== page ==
Arctic Blast Possible Next Week

| January 7, 2009 @ 6:16 am | 40 Replies

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Now that we have yesterday’s weather event out of here, we can focus on the idea of a shot of very cold Arctic air moving into Alabama next week. But… in the short term…

TODAY: Lingering light rain and drizzle will end later this morning; the day will be rather raw with a cloudy sky, a brisk west wind gusting to over 20 mph at times, and temperatures settling into the 45 to 52 degree range.

REST OF THE WEEK: Another impulse will ride down the backside of the long wave trough over the eastern U.S. tomorrow; the low levels should be too dry for any showers around here, but it could generate a little light rain or snow flurries over East Tennessee, and maybe the northeast corner of Alabama. Friday looks bright and sunny; the high tomorrow will be in the mid 50s, followed by upper 50s on Friday.

THE WEEKEND: A surface boundary will bring the chance of a few showers on Saturday; moisture will be pretty limited, so it doesn’t look like a big rain event. That will be followed by a cool and dry day Sunday with ample sunshine.

GATES TO THE YUKON OPEN NEXT WEEK: The pattern favors a shot of very cold air diving down into the eastern half of the U.S. next week, including the Deep South. We have been noting temperatures in Alaska colder than -60 (F) in recent days, and that air will begin to move in our direction in coming days. You can’t ignore that kind of cold.

Watch the Weather Xtreme video and see how the 06Z GFS handles the event; and I like this run better than other GFS runs I have seen lately. It brings the Arctic air into Alabama on Tuesday with little in the way of precipitation. This is in good agreement with the Euro, and we will trend that way in our forecast. Tuesday could be a day with highs in the 30s; forget the GFS MOS. It won’t have a clue.

The 06Z GFS also portrays a problematic solution for the latter half of next week; the very cold air at the surface is shallow (less than 5,000 feet), and it brings in freezing rain into the northern half of Alabama in the Wednesday-Friday time frame. This solution could hint at an ugly ice storm. Please understand, this is NOT a forecast, just model output. Every run will look different in coming days, but that solution is possible and certainly on the table. The model will struggle with the anomalously cold air in coming days, and once again the MOS products will be pretty much useless in the longer range. Even if there is no snow or ice, next week will be very cold, and that is the big story for now. We can nail down the details late this week.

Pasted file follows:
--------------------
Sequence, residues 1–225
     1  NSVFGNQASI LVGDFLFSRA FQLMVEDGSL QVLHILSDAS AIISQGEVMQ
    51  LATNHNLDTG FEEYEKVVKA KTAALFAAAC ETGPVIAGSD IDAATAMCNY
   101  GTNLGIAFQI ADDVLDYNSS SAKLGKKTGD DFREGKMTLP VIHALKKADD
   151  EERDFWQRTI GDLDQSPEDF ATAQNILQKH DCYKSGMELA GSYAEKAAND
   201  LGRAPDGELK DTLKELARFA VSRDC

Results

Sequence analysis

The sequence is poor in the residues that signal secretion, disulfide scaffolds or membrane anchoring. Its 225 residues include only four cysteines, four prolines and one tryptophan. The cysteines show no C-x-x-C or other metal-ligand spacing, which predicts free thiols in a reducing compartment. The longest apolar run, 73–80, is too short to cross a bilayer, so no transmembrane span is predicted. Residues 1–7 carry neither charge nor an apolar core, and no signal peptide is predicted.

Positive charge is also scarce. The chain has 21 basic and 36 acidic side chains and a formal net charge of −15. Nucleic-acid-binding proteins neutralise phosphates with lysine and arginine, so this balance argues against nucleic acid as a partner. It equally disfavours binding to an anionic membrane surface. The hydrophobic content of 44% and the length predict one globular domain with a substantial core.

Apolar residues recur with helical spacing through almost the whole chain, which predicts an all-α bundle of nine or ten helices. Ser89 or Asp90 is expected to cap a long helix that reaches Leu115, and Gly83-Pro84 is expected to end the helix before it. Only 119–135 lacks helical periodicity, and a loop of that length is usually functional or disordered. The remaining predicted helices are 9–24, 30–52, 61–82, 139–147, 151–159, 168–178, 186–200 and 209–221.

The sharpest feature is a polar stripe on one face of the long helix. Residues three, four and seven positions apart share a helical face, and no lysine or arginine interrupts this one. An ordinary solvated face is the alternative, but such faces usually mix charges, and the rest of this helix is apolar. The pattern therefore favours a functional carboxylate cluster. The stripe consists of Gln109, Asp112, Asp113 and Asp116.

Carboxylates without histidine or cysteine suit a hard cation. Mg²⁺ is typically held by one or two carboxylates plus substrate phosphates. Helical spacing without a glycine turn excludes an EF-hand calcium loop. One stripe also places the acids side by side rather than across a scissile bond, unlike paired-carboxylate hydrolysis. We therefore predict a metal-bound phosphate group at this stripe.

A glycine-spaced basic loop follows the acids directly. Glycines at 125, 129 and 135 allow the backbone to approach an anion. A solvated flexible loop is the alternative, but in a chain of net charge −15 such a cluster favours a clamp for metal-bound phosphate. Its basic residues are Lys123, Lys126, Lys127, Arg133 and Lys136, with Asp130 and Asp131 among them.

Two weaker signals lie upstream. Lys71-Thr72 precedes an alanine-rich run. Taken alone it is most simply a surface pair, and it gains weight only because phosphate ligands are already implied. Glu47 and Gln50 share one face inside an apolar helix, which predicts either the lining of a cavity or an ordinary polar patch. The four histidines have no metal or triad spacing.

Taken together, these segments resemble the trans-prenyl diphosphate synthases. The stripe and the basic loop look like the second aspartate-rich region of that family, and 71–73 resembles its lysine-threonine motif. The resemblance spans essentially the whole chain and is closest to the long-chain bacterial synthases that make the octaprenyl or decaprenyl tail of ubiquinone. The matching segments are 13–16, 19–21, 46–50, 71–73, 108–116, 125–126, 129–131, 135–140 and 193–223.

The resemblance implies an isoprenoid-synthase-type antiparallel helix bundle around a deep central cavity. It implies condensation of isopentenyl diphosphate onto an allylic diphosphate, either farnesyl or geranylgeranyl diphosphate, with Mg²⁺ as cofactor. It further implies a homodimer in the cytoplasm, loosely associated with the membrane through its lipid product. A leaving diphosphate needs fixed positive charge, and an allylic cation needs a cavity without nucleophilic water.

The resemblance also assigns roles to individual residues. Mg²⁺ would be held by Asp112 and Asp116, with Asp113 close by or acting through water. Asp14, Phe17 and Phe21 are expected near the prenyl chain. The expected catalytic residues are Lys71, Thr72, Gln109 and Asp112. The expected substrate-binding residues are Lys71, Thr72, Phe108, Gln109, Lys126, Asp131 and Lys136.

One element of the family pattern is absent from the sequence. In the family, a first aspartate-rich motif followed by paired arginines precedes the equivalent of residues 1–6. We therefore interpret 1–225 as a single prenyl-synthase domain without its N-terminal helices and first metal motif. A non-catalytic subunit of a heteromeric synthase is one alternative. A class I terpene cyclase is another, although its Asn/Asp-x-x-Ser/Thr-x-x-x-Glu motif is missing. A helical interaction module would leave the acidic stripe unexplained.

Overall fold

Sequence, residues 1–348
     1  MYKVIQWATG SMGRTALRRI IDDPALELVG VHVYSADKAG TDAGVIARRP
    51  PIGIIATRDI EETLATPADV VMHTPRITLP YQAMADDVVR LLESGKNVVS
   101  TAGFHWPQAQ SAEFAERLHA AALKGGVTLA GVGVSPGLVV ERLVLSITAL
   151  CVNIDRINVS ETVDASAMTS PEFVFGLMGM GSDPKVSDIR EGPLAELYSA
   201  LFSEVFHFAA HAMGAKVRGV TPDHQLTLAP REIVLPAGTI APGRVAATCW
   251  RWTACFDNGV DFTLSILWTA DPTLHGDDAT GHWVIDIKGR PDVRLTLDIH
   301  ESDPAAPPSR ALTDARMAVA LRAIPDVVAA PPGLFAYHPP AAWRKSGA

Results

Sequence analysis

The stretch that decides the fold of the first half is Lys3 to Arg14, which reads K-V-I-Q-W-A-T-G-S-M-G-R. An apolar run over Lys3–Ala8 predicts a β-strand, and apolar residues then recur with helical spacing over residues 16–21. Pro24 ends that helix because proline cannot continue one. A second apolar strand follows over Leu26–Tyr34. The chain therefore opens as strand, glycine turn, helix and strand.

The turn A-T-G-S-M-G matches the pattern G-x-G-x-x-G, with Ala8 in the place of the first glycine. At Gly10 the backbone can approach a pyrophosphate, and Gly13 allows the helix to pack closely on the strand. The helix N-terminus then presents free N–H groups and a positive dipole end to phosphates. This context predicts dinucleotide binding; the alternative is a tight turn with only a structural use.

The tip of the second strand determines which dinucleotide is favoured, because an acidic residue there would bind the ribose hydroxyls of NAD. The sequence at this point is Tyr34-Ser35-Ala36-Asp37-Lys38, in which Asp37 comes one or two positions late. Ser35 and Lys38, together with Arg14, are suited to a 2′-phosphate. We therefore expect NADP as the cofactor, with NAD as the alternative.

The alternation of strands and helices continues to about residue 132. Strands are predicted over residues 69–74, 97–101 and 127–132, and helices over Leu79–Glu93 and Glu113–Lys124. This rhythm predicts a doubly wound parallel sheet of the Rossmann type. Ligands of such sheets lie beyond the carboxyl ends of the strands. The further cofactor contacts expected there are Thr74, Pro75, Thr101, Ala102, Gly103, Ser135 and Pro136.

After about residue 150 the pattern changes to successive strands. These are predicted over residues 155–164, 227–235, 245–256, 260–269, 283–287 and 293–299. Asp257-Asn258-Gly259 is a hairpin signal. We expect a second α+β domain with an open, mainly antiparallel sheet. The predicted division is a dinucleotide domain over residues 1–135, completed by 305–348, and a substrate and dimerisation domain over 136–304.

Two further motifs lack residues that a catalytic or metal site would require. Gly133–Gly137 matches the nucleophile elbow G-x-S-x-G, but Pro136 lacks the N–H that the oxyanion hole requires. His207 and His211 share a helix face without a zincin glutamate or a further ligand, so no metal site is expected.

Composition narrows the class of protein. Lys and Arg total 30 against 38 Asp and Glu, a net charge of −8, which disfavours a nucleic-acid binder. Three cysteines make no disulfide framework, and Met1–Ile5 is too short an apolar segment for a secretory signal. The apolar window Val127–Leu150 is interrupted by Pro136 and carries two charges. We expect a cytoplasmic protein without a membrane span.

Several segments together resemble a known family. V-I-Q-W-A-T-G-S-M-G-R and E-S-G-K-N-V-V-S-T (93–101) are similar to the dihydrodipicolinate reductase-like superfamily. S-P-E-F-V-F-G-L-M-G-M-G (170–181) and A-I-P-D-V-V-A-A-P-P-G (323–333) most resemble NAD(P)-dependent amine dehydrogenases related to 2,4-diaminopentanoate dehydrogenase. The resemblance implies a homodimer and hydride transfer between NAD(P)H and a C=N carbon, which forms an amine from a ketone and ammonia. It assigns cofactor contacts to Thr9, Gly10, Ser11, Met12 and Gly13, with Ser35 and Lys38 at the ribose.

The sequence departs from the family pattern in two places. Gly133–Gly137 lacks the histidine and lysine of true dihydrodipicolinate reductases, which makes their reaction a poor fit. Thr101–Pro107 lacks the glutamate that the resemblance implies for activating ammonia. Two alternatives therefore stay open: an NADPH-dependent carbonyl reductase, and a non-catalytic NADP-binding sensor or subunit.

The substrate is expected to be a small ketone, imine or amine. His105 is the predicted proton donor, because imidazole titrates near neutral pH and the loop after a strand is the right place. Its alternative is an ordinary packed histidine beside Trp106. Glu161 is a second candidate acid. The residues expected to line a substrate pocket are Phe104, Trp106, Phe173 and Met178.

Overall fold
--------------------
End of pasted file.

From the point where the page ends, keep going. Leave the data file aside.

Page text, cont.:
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TWITTER: Don’t forget, you can follow our news and weather updates from ABC 33/40 on Twitter here. And, my personal Twitter feed is here if you want to keep up with my adventures in life. Twitter is a short messaging service you can receive via the web, cell phone, or IM.

Picked up lots of great weather information during yesterday’s dual severe weather/flood event from our team of Skywatchers, and those that are with us on Twitter. Thanks to everyone for their help; the information is invaluable. Also thanks to the many folks who sent in pictures of the flooding and storm damage; you can see those in the posts below this.

Today I have a “Lunch With Mr. James” at Oak Mountain Intermediate School… I will be back in the office by early afternoon, and the next Weather Xtreme video should be posted by 3:30 or so. Enjoy the day!

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James Spann is one of the most recognized and trusted television meteorologists in the industry. He holds the AMS CCM designation and television seals from the AMS and NWA. He is a past winner of the Broadcast Meteorologist of the Year from both professional organizations.

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